Byte (?)

Bytes are 8-bit (1 byte) unsigned integers ranging in value from 0 to 255  ( 0 to 2^8-1).  The type-specifier character for a Byte is: ?.

Byte variables are identified by following the variable name with a question mark (i.e., var?), or by using the DEFBYT statement as described in the previous discussion of Integers.  You can also declare Byte variables using the BYTE keyword with the DIM statement.  For example:


Byte variables are particularly useful for storing small, unsigned integral quantities like the number of days in a month.  You should not use Byte variables in FOR/NEXT loops, as they are highly inefficient.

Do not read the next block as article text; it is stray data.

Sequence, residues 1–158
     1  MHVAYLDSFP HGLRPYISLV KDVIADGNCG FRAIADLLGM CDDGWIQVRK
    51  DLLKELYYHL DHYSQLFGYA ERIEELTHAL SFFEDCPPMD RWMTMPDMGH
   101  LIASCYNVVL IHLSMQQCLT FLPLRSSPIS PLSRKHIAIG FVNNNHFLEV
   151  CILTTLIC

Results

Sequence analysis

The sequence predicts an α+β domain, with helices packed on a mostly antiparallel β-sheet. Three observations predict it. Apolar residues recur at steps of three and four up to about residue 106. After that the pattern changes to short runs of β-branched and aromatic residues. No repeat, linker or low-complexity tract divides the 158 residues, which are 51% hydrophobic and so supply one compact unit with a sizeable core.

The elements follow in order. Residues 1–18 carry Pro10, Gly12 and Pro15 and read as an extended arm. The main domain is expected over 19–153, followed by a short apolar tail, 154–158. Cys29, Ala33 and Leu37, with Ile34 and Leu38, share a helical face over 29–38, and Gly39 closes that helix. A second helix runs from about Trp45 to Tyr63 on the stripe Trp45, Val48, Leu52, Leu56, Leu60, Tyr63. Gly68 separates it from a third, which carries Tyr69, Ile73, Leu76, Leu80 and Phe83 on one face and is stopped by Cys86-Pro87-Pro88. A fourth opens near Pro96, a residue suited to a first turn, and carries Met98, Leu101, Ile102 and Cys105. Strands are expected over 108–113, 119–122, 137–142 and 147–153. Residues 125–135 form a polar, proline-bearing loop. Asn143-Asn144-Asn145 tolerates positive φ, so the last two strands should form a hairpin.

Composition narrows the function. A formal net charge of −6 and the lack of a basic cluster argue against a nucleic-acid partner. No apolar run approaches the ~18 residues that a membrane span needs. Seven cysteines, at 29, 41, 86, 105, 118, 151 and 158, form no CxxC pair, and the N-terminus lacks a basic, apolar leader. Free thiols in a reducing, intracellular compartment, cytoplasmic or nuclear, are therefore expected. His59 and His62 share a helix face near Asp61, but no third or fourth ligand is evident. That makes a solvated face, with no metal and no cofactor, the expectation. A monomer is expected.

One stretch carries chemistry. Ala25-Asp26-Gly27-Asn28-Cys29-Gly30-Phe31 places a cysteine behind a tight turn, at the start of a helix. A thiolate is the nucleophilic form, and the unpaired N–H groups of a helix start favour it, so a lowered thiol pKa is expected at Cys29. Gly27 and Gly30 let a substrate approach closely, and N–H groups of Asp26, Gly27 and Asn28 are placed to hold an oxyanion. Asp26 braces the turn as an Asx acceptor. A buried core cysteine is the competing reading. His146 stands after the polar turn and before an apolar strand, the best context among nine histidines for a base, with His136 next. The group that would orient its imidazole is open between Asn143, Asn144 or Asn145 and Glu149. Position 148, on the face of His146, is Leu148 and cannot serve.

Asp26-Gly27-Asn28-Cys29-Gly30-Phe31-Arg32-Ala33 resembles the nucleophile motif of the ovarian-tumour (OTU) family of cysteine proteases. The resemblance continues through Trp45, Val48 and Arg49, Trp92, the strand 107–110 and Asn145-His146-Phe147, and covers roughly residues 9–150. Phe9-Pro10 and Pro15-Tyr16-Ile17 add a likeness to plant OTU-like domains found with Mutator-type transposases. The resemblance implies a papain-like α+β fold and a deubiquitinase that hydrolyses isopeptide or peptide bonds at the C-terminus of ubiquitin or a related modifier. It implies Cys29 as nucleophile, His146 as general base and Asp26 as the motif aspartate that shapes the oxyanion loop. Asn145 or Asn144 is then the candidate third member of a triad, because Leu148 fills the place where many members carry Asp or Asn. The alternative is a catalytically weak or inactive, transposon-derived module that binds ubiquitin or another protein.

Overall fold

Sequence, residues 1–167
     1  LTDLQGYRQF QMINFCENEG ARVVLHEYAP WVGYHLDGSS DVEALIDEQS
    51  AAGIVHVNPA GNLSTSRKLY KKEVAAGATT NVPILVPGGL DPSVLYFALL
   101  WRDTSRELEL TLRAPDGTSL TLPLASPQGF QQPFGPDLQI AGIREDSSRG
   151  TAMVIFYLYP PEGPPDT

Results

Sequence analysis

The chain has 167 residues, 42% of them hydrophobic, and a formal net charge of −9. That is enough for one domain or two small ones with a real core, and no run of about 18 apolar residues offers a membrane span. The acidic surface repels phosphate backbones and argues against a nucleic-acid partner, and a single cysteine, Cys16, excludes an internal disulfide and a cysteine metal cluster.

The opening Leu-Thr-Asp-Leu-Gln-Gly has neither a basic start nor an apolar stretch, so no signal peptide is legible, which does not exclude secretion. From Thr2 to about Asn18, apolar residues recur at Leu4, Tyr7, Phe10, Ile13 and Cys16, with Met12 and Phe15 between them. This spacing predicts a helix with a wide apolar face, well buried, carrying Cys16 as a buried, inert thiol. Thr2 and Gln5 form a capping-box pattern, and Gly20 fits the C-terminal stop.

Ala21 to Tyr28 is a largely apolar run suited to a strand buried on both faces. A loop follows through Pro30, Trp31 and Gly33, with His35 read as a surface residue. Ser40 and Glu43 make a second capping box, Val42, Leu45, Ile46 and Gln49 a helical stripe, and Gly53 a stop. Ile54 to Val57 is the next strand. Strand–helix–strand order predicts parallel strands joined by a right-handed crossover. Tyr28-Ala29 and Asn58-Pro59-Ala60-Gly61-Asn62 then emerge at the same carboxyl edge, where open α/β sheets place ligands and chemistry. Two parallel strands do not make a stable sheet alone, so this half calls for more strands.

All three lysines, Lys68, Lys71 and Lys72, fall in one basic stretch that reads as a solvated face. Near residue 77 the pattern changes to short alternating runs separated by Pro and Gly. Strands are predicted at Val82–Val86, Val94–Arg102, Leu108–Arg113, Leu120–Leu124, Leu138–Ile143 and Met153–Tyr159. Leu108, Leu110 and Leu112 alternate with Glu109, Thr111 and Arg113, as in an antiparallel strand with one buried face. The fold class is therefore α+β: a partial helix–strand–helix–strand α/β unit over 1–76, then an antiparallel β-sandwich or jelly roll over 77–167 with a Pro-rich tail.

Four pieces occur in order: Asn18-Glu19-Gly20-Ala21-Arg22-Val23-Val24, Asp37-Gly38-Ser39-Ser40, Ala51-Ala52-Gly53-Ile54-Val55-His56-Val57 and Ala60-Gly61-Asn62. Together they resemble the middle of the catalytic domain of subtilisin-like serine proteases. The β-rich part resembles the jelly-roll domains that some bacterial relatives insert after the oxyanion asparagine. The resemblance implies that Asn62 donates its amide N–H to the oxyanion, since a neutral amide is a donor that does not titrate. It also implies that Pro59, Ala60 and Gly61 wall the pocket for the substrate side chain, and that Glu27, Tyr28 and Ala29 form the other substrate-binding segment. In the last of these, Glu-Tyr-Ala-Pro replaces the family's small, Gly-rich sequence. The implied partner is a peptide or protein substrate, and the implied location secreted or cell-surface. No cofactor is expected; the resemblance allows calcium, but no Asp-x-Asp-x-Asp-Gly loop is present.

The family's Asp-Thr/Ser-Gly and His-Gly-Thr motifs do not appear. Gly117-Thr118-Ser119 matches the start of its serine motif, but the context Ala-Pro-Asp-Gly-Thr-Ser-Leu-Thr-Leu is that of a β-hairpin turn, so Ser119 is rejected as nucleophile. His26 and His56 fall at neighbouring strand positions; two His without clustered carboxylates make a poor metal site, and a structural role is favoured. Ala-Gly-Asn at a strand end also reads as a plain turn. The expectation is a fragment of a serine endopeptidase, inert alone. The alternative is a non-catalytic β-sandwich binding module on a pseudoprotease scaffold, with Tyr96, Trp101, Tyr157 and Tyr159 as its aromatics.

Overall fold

A PowerBASIC Byte variable is equivalent to a bool data type (in lowercase) used by most modern C compilers.  A bool is a non-traditional 8-bit unsigned data type, whereas a BOOL data type (in capital letters) is equivalent to a Long-integer in PowerBASIC.  Be aware that some older C compilers may freely interchange bool and BOOL keywords.

A Delphi byte is equivalent to a PowerBASIC Byte.


See Also

Double-word (???)

Integers (%)

Long integers (&)

Quad integers (&&)

Word (??)